posted on Feb, 15 2014 @ 03:50 PM
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reply to post by Tusks
 


It is know that genes can move between species some of the methods are still unknown..






posted on Feb, 15 2014 @ 03:52 PM
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reply to post by Phage
 





I don't know about "certainly" but I suppose it's possible.
But what do you think it is that is so different about "bastardized" DNA fragments though? Why would they be more dangerous than say, DNA fragments from a durian fruit? I've never eaten a durian. My body isn't "used to" durian DNA fragments.


The difference is that nature follows its own patterns and order. Things have evolved over time following natures protocol. If we work outside that remit then we tinkering with something we have very little understanding.






posted on Feb, 15 2014 @ 04:00 PM
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reply to post by purplemer
 


The difference is that nature follows its own patterns and order.
But that does not explain why GM genes can be more dangerous than natural mutations which are part of that "order". You mentioned lateral gene transfer. Why think that it is more likely to occur with GM genes than natural genes? Why think that it if does happen, it would be more harmful?


If we work outside that remit then we tinkering with something we have very little understanding.
If we didn't "work outside" nature we would still be as small bands of people living in caves. Afraid of the night.
edit on 2/15/2014 by Phage because: (no reason given)



posted on Feb, 15 2014 @ 04:06 PM
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Phage
reply to post by Brotherman
 

It's pretty scary actually.
I think I'll stop eating carrots. All that carrot DNA might make me turn into one.



RUN!

It's already happened:





posted on Feb, 15 2014 @ 04:09 PM
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reply to post by AliceBleachWhite
 

Danger Will Robinson!



posted on Feb, 15 2014 @ 04:17 PM
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reply to post by Phage
 


No it does not explain why they could be more dangerous. Just a point that they might be and if that is the case it is a risk not worth taking until we understand such things better. We are potentially interfering with the programming of our bodies that is a risk and in such fundamental matters i feel it is best to be precautionary.

It is not really a question of working outside nature. We need to pay more attention to how nature works and simulate within that remit. I do not have a problem with science some of the holistic sciences are trying to address the issue. I do however have problem with how we decide to use science. Science and technology are good at solving some of our problems but often case it is the science and technology that have caused them in the first case.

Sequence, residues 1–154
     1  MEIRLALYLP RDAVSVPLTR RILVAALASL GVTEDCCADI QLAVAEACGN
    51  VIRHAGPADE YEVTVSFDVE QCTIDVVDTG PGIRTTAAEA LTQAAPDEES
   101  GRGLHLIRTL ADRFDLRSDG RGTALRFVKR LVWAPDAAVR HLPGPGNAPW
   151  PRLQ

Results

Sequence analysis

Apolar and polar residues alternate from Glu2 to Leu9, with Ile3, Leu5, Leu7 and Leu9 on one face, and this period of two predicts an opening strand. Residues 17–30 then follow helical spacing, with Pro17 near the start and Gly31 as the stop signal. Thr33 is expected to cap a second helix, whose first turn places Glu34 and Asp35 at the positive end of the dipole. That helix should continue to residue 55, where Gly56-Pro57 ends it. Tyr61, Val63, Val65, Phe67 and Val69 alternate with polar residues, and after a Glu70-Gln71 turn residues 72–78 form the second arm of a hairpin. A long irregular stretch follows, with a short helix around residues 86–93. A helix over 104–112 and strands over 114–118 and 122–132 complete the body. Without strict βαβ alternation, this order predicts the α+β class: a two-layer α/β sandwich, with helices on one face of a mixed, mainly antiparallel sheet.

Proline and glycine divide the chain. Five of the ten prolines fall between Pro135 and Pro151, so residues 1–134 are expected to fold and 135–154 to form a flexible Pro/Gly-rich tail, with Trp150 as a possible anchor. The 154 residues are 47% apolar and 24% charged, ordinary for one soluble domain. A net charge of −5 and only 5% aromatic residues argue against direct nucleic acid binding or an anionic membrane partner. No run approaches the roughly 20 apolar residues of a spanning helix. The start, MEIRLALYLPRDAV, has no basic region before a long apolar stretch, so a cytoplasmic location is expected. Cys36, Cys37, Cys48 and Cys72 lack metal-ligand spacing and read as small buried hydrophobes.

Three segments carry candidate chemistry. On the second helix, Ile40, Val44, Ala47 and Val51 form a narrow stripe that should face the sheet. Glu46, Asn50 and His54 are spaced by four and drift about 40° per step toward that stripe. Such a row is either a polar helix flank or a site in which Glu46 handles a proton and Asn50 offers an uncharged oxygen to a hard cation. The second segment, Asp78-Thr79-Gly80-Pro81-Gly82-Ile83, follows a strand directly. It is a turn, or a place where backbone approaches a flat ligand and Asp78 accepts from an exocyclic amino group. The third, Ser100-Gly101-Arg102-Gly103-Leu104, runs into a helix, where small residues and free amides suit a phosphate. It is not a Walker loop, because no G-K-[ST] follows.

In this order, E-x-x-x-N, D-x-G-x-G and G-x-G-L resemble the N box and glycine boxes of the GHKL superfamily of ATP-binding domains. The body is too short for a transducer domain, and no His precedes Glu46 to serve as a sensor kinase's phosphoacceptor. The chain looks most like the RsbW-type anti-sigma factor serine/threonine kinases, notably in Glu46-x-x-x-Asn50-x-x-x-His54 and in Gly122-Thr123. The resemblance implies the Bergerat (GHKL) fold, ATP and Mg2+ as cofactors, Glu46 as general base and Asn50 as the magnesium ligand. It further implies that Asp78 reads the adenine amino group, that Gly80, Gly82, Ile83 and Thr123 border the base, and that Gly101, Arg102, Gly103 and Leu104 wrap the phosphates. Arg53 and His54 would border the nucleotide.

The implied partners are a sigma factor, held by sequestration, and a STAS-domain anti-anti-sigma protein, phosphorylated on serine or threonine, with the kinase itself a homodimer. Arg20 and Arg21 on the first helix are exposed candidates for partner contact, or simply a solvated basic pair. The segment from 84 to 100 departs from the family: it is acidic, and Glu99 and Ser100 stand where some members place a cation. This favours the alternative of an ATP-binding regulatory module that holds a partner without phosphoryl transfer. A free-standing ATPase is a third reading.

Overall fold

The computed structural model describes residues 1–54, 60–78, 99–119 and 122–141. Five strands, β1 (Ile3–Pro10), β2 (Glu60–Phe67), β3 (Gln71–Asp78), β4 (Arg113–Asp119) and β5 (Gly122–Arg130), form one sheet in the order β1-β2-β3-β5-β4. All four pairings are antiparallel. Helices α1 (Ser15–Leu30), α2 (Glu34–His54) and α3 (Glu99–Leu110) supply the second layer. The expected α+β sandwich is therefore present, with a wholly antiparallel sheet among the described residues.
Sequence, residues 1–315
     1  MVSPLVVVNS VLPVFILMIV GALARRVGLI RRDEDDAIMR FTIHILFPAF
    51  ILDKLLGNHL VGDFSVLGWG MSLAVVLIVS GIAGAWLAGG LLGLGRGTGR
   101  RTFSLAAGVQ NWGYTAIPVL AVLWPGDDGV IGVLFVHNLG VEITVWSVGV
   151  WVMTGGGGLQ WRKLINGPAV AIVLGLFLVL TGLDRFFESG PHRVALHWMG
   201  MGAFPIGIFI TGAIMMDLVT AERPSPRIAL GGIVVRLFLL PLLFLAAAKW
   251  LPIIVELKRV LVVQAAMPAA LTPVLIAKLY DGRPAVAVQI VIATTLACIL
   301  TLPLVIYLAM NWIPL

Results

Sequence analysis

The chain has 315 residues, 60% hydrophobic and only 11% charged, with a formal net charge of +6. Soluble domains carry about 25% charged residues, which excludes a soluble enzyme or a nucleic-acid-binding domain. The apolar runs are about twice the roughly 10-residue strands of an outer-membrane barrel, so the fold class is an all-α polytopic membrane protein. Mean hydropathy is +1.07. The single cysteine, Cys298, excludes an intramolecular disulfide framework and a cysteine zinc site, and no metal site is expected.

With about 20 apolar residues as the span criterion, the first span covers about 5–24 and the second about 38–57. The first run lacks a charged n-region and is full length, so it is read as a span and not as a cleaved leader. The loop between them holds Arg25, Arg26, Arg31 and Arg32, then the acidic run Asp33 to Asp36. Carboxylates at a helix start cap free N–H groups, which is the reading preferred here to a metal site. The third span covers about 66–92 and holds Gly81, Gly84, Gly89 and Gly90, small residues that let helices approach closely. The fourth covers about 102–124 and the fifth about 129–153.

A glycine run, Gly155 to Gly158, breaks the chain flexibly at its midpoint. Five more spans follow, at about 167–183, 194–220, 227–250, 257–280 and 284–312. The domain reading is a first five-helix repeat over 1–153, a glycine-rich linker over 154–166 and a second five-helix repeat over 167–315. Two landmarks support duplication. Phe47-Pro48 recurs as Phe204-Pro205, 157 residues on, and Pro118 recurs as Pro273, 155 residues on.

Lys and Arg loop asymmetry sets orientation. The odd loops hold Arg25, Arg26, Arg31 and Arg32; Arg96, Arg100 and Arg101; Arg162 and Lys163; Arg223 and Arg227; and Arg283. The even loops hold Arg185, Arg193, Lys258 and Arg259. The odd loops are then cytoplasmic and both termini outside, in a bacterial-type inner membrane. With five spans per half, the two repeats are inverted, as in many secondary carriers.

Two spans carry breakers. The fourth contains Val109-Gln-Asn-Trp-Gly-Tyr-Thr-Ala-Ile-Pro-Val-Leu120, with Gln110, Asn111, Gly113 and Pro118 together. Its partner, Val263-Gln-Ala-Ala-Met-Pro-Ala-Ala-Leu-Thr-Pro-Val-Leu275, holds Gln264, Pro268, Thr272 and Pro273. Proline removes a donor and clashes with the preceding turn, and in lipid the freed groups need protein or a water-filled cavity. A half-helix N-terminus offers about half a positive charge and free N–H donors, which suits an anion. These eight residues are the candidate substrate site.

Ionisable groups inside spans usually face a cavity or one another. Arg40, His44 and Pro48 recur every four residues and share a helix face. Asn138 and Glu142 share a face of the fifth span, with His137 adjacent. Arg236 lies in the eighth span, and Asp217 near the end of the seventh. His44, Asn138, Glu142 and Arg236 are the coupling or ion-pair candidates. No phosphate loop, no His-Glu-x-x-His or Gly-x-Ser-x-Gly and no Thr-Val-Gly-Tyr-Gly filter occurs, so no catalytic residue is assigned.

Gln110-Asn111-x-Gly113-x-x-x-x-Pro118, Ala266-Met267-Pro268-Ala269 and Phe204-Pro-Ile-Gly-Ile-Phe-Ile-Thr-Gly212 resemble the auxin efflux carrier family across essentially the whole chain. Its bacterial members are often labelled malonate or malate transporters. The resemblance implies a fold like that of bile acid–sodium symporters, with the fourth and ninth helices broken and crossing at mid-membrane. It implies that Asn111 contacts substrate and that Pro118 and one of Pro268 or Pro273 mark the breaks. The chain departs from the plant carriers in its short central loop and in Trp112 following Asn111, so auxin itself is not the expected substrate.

We do not need to rely on GMO to feed the world nature provides ample. There is an abundance of food in the world. Food poverty in the world usually comes down to resource allocation.

It is about the relationships we have with each other and our biosphere. We have choices about how things are done and things can be done better..

edit on 15-2-2014 by purplemer because: (no reason given)



posted on Feb, 15 2014 @ 04:19 PM
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Hahahahahah!! hehehehe!!




posted on Feb, 15 2014 @ 04:22 PM
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This is actually very interesting. I have debated with scientists before who were adamant that DNA was destroyed un the digestive tract, therefore we only absorbed proteins, minerals etc directly from food into the bloodstream.

The point this article la making is that if it's now proven that DNA from all food makes it into the bloodstream, what are the implications off genetically modified DNA making it through? It has to be understood that non gmo DNA would be relatively harmless as the human body has been exposed to whatever is in out food for as long as have humankind had been eating it.

However, GMO DNA comes from places like scorpions in tomatoes and scorpions are not usually on our menu.

The next study that needs to happen in one on whether the DNA passes into our bloodstream actually does anything, or whether it it's simply inert.

edit on 15-2-2014 by markosity1973 because: (no reason given)